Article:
Gender Roles – Women
Gender Roles – Men
Self-Esteem and Body Image
Room for Improvement:
Gender Roles - Women: 4.5 Stars
Sarah is intrigued with costumes and fairy tales, but thankfully, this fascination isn’t limited to the magic and power of true love. There’s clearly an element of danger and adventure in the stories that inspire her. They feed her imagination and help her believe she’s more than just a plain girl with an uncomfortable home life. She reads and pretends and in doing so, creates a more engaging life for herself. And while we don’t know much about the substance of her dreams, we know that they’re vivid and powerful.
Gender Roles - Men: 3.5 Stars
Labyrinth dances around the idea of a romance between Sarah and Jareth. She seems to be fighting a powerful attraction to him, which is only revealed when she’s dreaming. But despite the power he wields and the promises he makes her, she dismisses him when he refuses to return her baby brother. She easily recognizes that despite his tangled words, he doesn’t care about her or respect her enough to believe that she knows her own mind and her own heart. She sees the cruelty in him, even as he’s pretending to do her a favor.
Instead of falling for Jareth, Sarah finds companionship with three creatures she meets in the Labyrinth, Hoggle, Ludo and Sir Didymus. Hoggle is an ugly and cowardly dwarf. Ludo is a timid, overgrown monster. And Sir Didymus is a miniature fox with more courage than brains. While each of them has their faults, they’re far more courteous and respectful of Sarah than the mighty Goblin King who claims to care for her. And against all odds, Sarah teams up with them to defeat the mysterious stranger who’s taken her brother from her.
Self-Esteem and Body Image: 3 Stars
From beginning to end, Sarah shows a lot more mettle than one might expect of such a young girl. She easily accepts Jareth's challenge to find her way through his Labyrinth, never hesitating and never doubting herself. She does get thrown off balance more than once by Jareth's Labyrinth, and at times it starts to look like her steady confidence is more naïve and foolish than admirable - but in the end, her determination takes her to the heart of the Goblin City, where she confronts Jareth face to face.
Unfortunately, the story never really tells us whether it is Sarah's innocent beauty or her spark and imagination that has attracted the Goblin King’s attention. She isn’t given enough history or personality to be truly memorable. And by far the most resonant visuals take place in Sarah’s dream, where she is enveloped in a shimmering gown, mesmerized by the Goblin King and too stunned to say a word. But in spite of her temporary enchantment with this magical ballroom and a mysterious king, Sarah doesn't lose sight of the fact that her primary goal is to fight her way through the Labyrinth, to confront Jareth, and to find her brother. She doesn't find her happy ending in Jareth's arms, but by finding the strength to escape from his poisonous charm.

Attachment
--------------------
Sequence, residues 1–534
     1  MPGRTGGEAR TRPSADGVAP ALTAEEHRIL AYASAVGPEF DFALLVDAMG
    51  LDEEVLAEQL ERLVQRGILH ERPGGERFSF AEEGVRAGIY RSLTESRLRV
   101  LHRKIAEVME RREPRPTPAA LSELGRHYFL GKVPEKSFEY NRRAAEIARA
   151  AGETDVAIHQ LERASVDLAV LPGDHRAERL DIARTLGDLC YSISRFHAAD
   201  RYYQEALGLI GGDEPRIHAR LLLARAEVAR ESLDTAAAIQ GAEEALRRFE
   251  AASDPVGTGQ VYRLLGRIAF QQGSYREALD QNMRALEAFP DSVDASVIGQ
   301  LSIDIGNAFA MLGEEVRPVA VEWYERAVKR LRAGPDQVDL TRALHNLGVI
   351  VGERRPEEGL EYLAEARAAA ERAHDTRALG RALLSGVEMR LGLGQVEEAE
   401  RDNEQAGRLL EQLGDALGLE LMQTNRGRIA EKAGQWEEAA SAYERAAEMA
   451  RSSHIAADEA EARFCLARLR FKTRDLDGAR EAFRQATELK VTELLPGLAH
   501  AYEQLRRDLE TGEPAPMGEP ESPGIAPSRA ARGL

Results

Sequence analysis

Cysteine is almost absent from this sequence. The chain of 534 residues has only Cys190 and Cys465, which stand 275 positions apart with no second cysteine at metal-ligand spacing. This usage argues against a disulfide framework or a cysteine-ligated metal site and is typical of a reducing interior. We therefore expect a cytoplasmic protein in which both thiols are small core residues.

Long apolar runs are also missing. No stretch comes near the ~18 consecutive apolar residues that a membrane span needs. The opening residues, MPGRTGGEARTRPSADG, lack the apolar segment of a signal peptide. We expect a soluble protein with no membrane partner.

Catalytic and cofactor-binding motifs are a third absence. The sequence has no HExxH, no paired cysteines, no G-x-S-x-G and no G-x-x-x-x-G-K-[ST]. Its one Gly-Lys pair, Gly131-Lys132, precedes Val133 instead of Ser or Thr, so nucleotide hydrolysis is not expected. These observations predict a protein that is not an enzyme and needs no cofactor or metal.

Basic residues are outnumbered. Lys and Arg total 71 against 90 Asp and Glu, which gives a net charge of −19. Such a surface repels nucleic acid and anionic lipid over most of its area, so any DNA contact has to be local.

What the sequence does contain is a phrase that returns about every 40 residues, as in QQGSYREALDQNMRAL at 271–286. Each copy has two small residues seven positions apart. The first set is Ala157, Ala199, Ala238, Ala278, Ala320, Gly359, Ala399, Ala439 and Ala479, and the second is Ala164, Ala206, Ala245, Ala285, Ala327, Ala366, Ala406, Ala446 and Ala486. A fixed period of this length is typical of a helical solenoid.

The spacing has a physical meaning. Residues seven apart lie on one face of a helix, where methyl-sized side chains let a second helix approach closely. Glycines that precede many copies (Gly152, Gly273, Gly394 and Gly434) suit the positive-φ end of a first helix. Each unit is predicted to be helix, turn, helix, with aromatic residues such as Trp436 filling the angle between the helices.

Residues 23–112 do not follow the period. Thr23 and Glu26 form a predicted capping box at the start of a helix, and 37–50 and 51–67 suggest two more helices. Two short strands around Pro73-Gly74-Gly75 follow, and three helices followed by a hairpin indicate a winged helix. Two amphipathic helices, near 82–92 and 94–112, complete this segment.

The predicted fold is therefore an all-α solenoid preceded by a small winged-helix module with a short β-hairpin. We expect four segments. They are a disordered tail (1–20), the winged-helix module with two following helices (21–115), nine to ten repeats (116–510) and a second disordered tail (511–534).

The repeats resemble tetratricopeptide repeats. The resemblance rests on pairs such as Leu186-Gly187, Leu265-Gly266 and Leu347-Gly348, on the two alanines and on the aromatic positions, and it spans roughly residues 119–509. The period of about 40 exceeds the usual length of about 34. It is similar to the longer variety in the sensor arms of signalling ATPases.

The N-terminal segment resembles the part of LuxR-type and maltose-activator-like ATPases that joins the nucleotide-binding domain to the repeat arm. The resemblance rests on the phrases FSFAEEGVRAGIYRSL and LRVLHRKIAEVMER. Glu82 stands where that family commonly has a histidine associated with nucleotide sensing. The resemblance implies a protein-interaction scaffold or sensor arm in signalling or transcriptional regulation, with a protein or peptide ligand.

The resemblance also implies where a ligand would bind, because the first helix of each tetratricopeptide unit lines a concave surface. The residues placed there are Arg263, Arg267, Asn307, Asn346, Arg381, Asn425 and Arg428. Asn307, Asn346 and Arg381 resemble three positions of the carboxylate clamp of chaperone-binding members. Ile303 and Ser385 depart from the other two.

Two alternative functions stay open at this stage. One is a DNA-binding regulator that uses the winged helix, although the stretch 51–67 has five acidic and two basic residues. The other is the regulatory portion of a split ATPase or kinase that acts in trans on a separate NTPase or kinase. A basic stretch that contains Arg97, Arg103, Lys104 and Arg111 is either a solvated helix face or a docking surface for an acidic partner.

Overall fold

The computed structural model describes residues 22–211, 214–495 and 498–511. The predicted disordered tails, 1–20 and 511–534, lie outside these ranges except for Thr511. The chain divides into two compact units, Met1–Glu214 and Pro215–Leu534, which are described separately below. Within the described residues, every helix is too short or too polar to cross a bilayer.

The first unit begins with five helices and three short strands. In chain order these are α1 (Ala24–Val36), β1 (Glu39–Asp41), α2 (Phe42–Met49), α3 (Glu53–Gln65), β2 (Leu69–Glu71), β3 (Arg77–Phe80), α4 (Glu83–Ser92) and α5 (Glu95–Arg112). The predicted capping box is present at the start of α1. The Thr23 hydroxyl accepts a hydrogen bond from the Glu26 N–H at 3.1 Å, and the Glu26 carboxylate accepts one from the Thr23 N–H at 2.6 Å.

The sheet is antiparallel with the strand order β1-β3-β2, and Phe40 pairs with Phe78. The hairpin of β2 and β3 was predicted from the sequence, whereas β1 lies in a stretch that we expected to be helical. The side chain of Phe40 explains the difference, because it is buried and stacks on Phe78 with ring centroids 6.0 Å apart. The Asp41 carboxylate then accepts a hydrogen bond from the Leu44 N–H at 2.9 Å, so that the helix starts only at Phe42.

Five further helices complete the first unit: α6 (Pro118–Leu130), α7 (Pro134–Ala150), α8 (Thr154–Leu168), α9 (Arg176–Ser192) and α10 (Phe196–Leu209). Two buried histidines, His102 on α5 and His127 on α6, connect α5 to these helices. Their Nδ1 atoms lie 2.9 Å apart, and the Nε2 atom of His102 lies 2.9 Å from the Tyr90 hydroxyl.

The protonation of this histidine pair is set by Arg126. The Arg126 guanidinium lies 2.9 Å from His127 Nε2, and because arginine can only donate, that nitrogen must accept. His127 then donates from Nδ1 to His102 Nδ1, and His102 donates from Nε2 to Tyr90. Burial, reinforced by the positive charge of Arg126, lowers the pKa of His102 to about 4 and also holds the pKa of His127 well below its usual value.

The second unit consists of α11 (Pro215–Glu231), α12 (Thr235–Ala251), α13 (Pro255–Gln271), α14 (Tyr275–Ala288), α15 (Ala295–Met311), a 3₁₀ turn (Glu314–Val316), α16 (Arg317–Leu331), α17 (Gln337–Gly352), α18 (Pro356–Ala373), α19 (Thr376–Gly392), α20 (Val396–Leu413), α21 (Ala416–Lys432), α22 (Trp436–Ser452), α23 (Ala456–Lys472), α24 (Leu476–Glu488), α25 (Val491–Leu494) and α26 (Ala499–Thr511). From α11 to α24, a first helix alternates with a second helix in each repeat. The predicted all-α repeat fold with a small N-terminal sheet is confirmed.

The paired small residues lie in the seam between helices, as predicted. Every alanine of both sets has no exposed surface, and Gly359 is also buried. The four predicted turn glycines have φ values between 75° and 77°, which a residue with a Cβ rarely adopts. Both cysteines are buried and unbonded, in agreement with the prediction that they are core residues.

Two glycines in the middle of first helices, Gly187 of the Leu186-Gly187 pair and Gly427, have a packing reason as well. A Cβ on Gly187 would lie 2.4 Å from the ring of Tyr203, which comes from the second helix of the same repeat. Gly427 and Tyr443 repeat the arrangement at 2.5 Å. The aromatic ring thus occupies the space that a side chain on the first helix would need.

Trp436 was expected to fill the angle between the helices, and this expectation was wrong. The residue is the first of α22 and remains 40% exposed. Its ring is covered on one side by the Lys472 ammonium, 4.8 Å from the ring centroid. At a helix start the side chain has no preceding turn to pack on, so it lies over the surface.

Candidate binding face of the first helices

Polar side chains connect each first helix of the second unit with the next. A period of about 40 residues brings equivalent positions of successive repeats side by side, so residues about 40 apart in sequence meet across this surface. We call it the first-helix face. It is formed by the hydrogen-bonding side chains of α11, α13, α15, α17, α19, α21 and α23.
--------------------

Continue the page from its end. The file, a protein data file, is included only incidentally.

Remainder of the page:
Character Development: 3 Stars
Sarah is still mired in make-believe and somewhat detached from her family, which includes a new stepmother and baby brother. She appears a bit selfish at the beginning, but we can also tell that she is grasping for love and attention. Unfortunately, we aren’t given more than a fleeting glimpse of her unhappy home life, and her vanilla personality is easily eclipsed by the mesmerizing Goblin King.
When she realizes that she’s caught the attention of the Goblin King however, she quickly understands what her family means to her. She isn’t even tempted by Jareth’s promise to give her her dreams on a silver platter. This would’ve been a stronger plot point if we had more specifics on what Sarah’s dreams entail. Or if the writers had created an actual romance between Sarah and Jareth, rather than simply hinting at the idea. As is, we don’t have a clear idea what she’s giving up, or what she’s gaining by defying Jareth, but we know enough to believe she’s making the right decision and to want her to succeed.
Plot: 3 Stars (Spoilers)
When Jareth refuses to return Toby, Sarah accepts his challenge to conquer the labyrinth. The labyrinth isn’t exceptionally dark or dangerous, but it is mentally and physically exhausting, consisting of numerous tricks and dead ends. Sarah is expected to answer riddles along the way and to recover her bearings each time she makes a mistake. Not all of the Labyrinth’s obstacles are conquered by Sarah herself, as she has some help from Hoggle, Ludo and Sir Didymus. But her ability to find and rely on the right people gives her strength, and helps her reach Jareth in time to rescue her baby brother.
The final confrontation between Sarah and Jareth however, is slightly disappointing. She neither outwits him, nor overpowers him, but simply comes to the conclusion that he has no power over her. While the concept is incredibly appealing, the follow through is a bit watered-down. Sarah never truly seems frightened of Jareth, but she is somewhat powerless in his presence. Labyrinth might have delivered a more striking ending if something along her journey had convinced her that Jareth doesn't control her. Instead, she simply remembers a line from one of her favorite stories and watches him disappear. Had this been tied back to an earlier conversation with Jareth about love or power, it would have meant a great deal more.